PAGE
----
Master Mind: The Rise and Fall of Fritz Haber, the Nobel
Laureate Who Launched the Age of Chemical Warfare. Daniel
Charles. xx + 313 pp. HarperCollins, 2005. $24.95.
Master Mind, Daniel Charles's new biography of chemist
Fritz Haber, can be read with profit by knowledgeable scientists and
informed laypeople alike. Comprehensive and even coverage of Haber's
eventful, tragic life and informed description of his scientific
achievements and their economic and military implications are the
book's greatest strengths. Charles does a good job of setting
Haber's family background, career, marriages, acquaintances, and
scientific and managerial achievements in wider historical,
political and economic contexts. Charles, a former correspondent for
National Public Radio and the author of a book on biotechnology in
agriculture, has done his homework well. He draws primarily on a
wealth of documents (now at the Max Planck Society in Berlin) that
were gathered for Johannes Jaenicke's intended, but never finished,
biography of Haber.
In his preface Charles makes much of the notion that Haber, despite
the enormous impact of his work, is a "forgotten
scientist" who has disappeared from view. But engineers and
scientists in many disciplines (chemistry, physics, agriculture)
never forgot Haber's accomplishments; how could they? And the public
has no memory of scientists anyway, except of course those few who
reach celebrity status. Consequently, an average American or German
recognizes the name of Einstein but knows nothing about Otto Hahn
(to use two of Haber's Nobel Prize-winning colleagues as examples).
Yet Hahn was a codiscoverer (with Lise Meitner and Fritz Strassmann)
of nuclear fission, thus initiating the nuclear age, with its dual
legacy of fears of mass destruction and promises of carbon-free energy.
Haber's scientific work similarly had a destructive as well as a
constructive side: His discovery of how to synthesize ammonia from
its elements led to nitrate-based explosives and gas warfare as well
as to nitrogen fertilizer, and he supervised Germany's use of
chemical warfare in World War I. Charles's presentation of both the
positive and negative aspects of Haber's achievements is accurate,
informative and balanced.
Charles (relying heavily on the writings of historian Fritz Stern)
gives particularly extensive attention to Haber's complex
relationship with Einstein, whom he brought from Zurich to Berlin's
Dahlem research institute. The book contrasts the attitudes that the
two men assumed vis-à-vis the place of German Jews in
Germany. Haber, who converted to Protestantism in 1892, was a
convinced German patriot. Einstein never felt that sort of affinity
to Germany, and his letter to Haber, after the Nazis forced him out
of his position at Dahlem in 1933, sounds more like I-told-you-so
than an expression of sympathy: "It is somewhat like having to
abandon a theory on which you have worked for your whole life. It's
not the same for me because I never believed it in the least."
In contrast to this expansive treatment of Haber-Einstein
interactions, short shrift (a mere two pages) is made of one of the
most curious periods of Haber's life, his failed quest for the
extraction of gold from seawater. That pursuit occupied more than
five years of his life and was intended to solve the burden of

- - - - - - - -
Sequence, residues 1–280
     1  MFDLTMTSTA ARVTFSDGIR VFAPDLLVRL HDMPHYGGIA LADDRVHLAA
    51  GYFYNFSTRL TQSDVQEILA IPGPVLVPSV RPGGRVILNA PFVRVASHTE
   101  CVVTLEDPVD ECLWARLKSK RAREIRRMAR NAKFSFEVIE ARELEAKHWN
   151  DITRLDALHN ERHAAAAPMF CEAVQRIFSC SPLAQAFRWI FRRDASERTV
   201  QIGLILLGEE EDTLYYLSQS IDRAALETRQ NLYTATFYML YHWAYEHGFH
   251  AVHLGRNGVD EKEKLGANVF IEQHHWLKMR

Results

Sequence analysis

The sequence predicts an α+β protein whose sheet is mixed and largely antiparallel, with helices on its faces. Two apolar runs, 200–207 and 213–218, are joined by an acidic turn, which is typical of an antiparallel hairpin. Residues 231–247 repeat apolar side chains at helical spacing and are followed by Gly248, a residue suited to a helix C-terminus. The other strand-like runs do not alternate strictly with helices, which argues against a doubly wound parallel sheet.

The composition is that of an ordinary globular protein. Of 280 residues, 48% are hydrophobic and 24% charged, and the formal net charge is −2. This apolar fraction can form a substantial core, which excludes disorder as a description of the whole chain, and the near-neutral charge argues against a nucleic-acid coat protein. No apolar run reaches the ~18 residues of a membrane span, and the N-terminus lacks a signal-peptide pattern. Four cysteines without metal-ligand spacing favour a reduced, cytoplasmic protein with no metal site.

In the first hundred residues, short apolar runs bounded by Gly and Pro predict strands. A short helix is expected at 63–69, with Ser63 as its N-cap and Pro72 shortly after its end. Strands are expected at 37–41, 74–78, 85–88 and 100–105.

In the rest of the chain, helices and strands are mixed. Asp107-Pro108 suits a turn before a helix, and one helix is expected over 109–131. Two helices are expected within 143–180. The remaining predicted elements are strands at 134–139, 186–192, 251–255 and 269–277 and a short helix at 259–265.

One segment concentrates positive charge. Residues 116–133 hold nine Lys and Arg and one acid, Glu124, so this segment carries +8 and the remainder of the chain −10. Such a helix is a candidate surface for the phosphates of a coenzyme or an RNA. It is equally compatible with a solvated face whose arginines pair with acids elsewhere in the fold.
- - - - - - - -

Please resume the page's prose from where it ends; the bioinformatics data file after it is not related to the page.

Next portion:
Germany's onerous reparation payments after World War I.
Another minor complaint is that Charles is fond of journalistic
labels. Let me give just four examples, two from the preface and two
from the book's penultimate page: "Haber was the patron saint
of guns and butter"; "Haber lived the life of a modern
Faust"; "Haber's blond beast of progress still roams the
globe"; and "Haber, a prophet of progress." A more
serious concern is that Charles tends to extend some of the causal
lines indefensibly far. Standing at the cemetery at Ypres (the site
of the first German chlorine attack in April 1915), Charles hears a
military jet and concludes that "This high-tech aircraft . . .
represents the true legacy of Fritz Haber the gas warrior"
because "the marriage of science and military power has
endured. And its spiritual lineage leads back to Dahlem." And
to a myriad of other beginnings and preconditions!
Charles's speculations about the historical impact of Haber's work
are even more questionable. Undoubtedly, large-scale nitrogen
fixation severed Germany's dependence on imports of Chilean nitrates
and helped to prolong World War I by providing a secure feedstock
for munitions, but this fact in no way means that "in the
absence of Fritz Haber, in other words, we might never have heard
the names Hitler and Stalin." This claim is about as valid as
saying that we might never have heard about them if Hitler had
succeeded in becoming a second-rate architect in Vienna before World
War I and if Stalin had completed his training in the orthodox
seminary in Tiflis and had spent his life as a Georgian priest.
Haber's fate attracts us because of its contradictions and its
tragic ending. We have his scientific writings, his patents, his
lectures on science and research management, many of his letters,
numerous recollections of his colleagues and students, and the
memoirs of his second wife. But we will never know the actual mix of
motives that animated his life and the deepest feelings that marked
both his ascents and falls. Only in a few of his letters did he
offer unguarded self-appraisal. Everything else, including his
feelings about the suicide of his first wife, he kept to himself. We
will never truly know him.